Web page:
September 26, 2013

Download a sample of the letters that were sent to local police agencies

CONTACT: Meredith Curtis, Communications Director, ACLU of Maryland, 410-889-8555;

Susana Flores, CASA de Maryland, 240-706-2624, 

TAKOMA PARK, MD - Drawing attention to a recent federal court ruling holding that state and local law enforcement officials may not arrest or detain an individual based solely on a civil immigration warrant, the American Civil Liberties Union (ACLU) of Maryland and CASA de Maryland (CASA) have written to police departments across the state urging them to implement changes to policies and practices that do not currently comply with the decision. In their letter, the organizations offer assistance in crafting policies that comply with the law and urge law enforcement agencies to notify their members of the change. 

"This decision confirms what immigrants' rights advocates have been saying all along: that local law enforcement should not be attempting to enforce civil immigration laws," said Sirine Shebaya, attorney directing the ACLU of Maryland's immigrants' rights advocacy. "Public safety is undermined when immigrants fear going to the police when they are victims of crime because so many have been incarcerated, separated from their children, and deported after local law enforcement have arrested them based on nothing more than an ICE hit. We are thrilled that the Fourth Circuit has clearly ruled against these practices and we urge police departments in Maryland to immediately take steps to reform their immigration enforcement practices in light of this decision." 

The federal court ruling comes in a case from Frederick County, where in 2008, a Latino woman was arbitrarily accosted while eating her lunch near a pond outside her workplace by deputies from the Frederick County Sheriff's Office. They questioned her about her immigration status, arrested her, and placed her in detention, where she remained for forty-six days separated from her one-year-old child. That incident has been echoed countless times across the country, as local police officers waste valuable law enforcement resources and improperly arrest individuals based on nothing more than suspicions about their immigration status. 

"As the enforcement of immigration law by local police has grown in recent years, the community's trust has eroded and local law enforcement is increasingly perceived as the enemy rather than defender," said Gustavo Torres, Executive Director of CASA de Maryland.  "This federal decision should be understood by local law enforcement as an invitation to reexamine all of its policies regarding immigration enforcement and create solutions that retain community trust and thereby improve safety."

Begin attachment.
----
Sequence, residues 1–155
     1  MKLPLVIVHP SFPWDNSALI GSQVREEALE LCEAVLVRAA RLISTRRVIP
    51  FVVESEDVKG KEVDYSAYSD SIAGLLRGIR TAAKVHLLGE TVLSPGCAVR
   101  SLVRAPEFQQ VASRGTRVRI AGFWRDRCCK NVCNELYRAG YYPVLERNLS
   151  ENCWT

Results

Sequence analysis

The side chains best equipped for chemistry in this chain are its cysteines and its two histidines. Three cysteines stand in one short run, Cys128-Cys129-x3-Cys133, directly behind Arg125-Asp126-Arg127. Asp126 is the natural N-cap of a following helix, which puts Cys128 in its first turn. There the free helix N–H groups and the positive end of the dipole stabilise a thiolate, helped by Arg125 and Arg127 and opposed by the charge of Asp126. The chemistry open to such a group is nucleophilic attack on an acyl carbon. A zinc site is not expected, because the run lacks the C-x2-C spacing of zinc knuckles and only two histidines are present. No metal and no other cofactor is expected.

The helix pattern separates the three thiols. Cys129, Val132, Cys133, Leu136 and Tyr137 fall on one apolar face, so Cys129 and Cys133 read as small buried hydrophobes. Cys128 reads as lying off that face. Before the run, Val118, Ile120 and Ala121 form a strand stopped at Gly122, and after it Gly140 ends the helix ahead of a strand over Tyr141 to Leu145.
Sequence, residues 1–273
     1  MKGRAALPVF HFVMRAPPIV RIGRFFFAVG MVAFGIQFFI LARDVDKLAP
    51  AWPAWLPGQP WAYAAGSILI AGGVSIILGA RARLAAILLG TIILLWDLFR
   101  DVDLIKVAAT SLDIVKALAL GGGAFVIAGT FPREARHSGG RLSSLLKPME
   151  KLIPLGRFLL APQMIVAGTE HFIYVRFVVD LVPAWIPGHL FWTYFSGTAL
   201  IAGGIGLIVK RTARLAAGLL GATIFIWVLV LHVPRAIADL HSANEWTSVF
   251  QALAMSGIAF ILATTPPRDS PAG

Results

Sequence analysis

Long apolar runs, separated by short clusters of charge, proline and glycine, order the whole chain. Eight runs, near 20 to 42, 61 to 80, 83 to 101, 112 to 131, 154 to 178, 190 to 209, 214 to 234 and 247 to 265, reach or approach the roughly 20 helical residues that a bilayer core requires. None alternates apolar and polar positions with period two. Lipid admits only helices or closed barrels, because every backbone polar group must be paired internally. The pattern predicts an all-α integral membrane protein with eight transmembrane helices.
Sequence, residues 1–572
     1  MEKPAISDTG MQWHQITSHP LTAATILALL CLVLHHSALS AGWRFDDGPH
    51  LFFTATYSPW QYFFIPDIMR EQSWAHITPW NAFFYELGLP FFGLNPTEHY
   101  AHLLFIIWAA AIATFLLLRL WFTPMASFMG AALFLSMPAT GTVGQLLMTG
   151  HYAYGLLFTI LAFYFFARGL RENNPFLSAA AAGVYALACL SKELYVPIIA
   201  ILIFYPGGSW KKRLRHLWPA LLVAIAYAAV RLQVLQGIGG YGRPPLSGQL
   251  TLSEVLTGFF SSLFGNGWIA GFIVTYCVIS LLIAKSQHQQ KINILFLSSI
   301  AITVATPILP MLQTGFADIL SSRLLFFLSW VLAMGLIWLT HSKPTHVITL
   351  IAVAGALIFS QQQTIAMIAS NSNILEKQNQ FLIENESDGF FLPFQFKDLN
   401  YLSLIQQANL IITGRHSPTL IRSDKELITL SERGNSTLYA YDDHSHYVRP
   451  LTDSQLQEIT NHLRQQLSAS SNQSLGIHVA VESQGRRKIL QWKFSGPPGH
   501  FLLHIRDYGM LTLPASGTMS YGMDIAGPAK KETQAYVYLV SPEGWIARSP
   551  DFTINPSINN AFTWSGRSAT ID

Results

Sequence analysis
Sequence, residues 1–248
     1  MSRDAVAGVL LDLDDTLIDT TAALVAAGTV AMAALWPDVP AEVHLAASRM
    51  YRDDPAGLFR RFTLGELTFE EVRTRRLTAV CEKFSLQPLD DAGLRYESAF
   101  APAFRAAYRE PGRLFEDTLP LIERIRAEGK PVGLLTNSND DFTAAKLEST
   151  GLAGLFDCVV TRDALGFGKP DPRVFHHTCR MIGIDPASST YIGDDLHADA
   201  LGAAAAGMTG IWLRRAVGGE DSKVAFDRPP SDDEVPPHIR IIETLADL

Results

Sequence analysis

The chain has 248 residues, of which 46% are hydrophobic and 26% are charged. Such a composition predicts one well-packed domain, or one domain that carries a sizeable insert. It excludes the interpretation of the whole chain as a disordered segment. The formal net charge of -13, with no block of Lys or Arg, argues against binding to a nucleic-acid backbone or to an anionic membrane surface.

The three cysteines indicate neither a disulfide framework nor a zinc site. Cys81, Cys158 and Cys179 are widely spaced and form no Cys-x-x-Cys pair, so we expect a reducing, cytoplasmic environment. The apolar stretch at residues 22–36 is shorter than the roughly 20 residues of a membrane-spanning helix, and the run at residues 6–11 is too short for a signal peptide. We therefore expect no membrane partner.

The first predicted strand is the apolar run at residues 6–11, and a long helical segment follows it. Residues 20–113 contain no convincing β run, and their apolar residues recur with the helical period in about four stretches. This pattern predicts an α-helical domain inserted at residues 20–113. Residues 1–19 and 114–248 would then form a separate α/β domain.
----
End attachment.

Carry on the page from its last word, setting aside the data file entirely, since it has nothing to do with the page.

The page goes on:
Under the Fourth Circuit ruling in Orellana Santos v. Frederick County, state and local law enforcement officials lack the legal authority to stop, detain, search, or arrest any individual based solely on a warrant from U.S. Immigration and Customs Enforcement (ICE), unless they have specifically been deputized by ICE to do so. The court also ruled that municipalities are liable for damages arising out of unlawful arrests of this kind. In the aftermath of the court's decision, the ACLU and CASA expect that in the future, individual officers will also be liable for such arrests.  

Most police departments in Maryland routinely engage in this unlawful practice of stopping, arresting and detaining immigrants based solely on an outstanding civil immigration warrant. In the organizations' letter, law enforcement agencies are urged, if they have not done so already, to take steps to bring their departments into compliance with the law, inform all members of the department of the decision, and provide training on the proper application of the rule. 

As an example, the ACLU and CASA highlight a recent memorandum sent by Chief J. Thomas Manger to all members of the Montgomery County Police Department informing them of the Fourth Circuit decision and instructing them to stop arresting individuals solely on the basis of an ICE warrant.